Red Harbinger is an up and coming tech-design and solutions company that is focused on changing the way that people think about day-to-day computing. As PC enthusiasts, they were collectively tired of sub-par PC aesthetics and functionality. With PC users ranging from online gamers, musicians, artists and programmers to Farmville freaks, moms, and bloggers, they saw the opportunity to assemble the most innovative talent with the goal of righting the wrongs that have become so prevalent in today’s computer industry. Through creative intelligence and brilliant design, Red harbinger is poised to change the face of the PC enthusiast market and we talked to Vice President and KeyShot user, Shawn Rabensburg, about how they’re using KeyShot to help make that happen.
Shawn Rabensburg / Red Harbinger
Modeling software used:
One out of every seven people worldwide own a computer; three out of four people in the United States own at least one computer. So why are we still stuck on these ugly black boxes that contain a rats nest of cables and wires? Red Harbinger has aimed to remedy this problem globally, and by doing so, their designs have recently become some of the most sought after hardware in the industry.
Red Harbinger was formed in mid-2011. Since then, their ideas have taken off and the interest in their products exploded virtually overnight. The team all has backgrounds that are heavily steeped in computers. Whether it’s through gaming, graphic design, engineering, programming, sound and video production, or serious modification design, each brings a wealth of knowledge to the table. They may be new to the scene, but are also drawing on decades of experience.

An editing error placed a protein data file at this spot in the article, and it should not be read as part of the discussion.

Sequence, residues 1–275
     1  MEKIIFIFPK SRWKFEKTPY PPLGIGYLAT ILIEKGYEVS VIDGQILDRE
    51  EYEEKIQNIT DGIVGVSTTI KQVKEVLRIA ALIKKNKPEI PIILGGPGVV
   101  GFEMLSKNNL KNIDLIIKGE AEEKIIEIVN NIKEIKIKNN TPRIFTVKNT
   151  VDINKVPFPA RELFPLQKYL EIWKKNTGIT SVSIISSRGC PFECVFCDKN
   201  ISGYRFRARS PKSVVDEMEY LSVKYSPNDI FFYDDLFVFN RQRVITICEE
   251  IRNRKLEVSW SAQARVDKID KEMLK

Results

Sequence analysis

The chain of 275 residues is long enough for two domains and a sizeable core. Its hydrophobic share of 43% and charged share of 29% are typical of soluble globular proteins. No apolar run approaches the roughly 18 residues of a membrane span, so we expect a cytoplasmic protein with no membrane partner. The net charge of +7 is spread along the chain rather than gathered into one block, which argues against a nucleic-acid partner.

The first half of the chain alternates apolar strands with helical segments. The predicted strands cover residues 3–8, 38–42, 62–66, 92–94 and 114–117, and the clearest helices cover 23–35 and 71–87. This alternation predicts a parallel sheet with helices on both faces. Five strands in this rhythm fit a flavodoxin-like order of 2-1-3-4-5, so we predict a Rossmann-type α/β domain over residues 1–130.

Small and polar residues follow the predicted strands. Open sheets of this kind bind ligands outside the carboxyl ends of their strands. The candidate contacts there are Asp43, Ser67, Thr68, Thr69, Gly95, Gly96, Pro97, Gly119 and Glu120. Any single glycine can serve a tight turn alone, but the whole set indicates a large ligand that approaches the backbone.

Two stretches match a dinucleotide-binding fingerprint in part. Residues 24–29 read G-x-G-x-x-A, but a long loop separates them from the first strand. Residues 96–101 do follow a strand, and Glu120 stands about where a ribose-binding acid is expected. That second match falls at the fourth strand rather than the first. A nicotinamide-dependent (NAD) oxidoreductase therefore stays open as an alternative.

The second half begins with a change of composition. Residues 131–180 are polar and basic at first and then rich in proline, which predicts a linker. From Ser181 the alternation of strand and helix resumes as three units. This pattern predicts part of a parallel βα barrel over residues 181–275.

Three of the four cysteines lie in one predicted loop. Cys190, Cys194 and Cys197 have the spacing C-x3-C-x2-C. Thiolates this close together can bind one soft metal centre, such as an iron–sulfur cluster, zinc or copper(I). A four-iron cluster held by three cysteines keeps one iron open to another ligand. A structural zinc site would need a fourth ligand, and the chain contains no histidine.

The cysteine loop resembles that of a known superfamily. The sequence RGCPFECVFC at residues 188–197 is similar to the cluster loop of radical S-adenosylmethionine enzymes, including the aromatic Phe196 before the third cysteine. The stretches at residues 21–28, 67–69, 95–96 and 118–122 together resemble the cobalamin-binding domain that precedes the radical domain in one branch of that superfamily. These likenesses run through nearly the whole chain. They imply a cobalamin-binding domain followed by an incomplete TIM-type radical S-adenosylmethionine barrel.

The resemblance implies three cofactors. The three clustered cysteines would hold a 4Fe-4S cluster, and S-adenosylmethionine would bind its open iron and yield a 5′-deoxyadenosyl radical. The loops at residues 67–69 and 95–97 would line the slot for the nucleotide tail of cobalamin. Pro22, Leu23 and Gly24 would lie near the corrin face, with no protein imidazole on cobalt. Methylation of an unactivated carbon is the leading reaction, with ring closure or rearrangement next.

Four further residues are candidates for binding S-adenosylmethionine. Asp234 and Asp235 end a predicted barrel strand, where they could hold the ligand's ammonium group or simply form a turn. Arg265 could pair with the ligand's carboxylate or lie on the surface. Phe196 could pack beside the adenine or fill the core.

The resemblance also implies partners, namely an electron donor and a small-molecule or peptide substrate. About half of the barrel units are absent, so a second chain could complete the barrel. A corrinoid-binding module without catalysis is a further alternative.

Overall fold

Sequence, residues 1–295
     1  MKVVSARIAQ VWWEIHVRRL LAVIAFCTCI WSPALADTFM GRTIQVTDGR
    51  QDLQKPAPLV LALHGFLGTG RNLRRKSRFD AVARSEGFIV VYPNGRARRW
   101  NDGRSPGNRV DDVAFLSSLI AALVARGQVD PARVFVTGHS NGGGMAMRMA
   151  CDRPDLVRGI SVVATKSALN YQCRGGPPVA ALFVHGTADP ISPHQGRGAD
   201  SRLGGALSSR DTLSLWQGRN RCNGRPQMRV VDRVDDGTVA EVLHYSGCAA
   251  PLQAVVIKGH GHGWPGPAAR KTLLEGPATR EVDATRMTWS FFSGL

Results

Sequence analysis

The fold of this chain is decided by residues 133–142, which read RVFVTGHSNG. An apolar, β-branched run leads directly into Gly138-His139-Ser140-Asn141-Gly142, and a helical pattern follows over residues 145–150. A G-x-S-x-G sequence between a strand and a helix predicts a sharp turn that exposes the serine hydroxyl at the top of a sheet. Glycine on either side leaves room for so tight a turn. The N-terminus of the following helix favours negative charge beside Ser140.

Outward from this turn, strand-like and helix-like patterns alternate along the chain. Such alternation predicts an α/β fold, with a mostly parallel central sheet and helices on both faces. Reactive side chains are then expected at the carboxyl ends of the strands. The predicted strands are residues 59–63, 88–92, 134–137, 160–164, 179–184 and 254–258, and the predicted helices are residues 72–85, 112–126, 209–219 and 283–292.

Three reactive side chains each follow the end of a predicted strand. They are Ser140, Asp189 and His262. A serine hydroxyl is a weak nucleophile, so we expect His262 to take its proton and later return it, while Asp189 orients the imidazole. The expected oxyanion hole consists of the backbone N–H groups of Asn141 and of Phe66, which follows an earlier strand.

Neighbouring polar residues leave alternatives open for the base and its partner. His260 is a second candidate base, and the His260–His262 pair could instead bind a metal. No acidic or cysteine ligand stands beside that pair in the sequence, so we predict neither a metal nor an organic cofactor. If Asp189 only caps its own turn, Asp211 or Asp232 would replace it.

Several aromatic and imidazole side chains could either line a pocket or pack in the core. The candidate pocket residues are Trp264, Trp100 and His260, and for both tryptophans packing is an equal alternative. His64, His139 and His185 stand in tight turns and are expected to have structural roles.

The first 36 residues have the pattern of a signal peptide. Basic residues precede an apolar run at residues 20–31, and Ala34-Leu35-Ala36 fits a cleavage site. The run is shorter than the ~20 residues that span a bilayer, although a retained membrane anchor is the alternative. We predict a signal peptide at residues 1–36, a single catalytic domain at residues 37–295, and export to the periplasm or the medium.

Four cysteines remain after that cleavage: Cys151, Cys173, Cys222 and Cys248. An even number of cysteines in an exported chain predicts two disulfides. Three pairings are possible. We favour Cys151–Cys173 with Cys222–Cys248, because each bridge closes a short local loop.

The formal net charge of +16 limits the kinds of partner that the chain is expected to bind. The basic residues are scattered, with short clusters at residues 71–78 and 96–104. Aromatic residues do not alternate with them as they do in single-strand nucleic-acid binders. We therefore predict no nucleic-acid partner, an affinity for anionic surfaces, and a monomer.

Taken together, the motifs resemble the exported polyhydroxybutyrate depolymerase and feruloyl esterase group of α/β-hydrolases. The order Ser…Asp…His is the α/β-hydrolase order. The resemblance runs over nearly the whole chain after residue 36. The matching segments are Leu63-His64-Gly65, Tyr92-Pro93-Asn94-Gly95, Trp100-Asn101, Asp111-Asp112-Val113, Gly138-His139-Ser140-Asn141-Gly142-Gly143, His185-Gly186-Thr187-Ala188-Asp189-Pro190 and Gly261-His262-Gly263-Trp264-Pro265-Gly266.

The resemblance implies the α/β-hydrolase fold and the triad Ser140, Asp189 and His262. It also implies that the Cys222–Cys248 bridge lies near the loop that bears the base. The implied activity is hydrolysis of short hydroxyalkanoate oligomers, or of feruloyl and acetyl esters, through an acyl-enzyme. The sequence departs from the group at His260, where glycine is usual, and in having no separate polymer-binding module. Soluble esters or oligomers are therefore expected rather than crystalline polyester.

Luxion: What sets Red Harbinger apart?
Shawn Rabensburg: We’ve been asked this question a few times in the recent past and the answer keeps changing little by little because there are so many things that set our products apart. Let’s use the Cross desk for instance.
The main thing with Cross is that currently there isn’t a computer case on the market that offers the customization and scalability options that we built into ours. Oh sure, there are a few cases out there that allow you to throw 2 motherboards inside.
But they don’t offer the cable management, cooling, expansion, or aesthetic options and features that Cross offers. For the most part they are just alternate takes on the same case design that has been getting overplayed in the PC world for the past 15-20 years.
So when you buy a Red Harbinger product, you can take comfort in the fact that our products don’t fit into any of the standard molds. Our products are something else entirely.
L: What would you say is unique about the design process at Red Harbinger?
SR: This is where things get kind of interesting. Most of us currently don’t have the advantage of living very close to each other, so all of our design collaboration is accomplished online. Thomas Nunn (CEO) and Chuck Prill (Logisitics) live in Texas, Scott Bruins (Engineer) is in Minnesota, I am in Nebraska, and Peter (Designer) is all the way across the world in Holland. This presents all kinds of challenges with scheduling, on top of the fact that we all maintain 40 hour per week jobs that are still paying all of our bills. But we have managed to pull through all of that and design a product that certainly stands apart from the rest. We all decide from a very high level exactly what we would like to see in a final design. Scott will take all of our input and lay the groundwork, then upload all of his progress online. We all QA the design and tweak it back and forth until we are happy and we send it off to prototype. Once we got over the hurdle of not always being able to collaborate in real time with each other the rest of the pieces fell into place.
L: What software do you use for 3D modeling?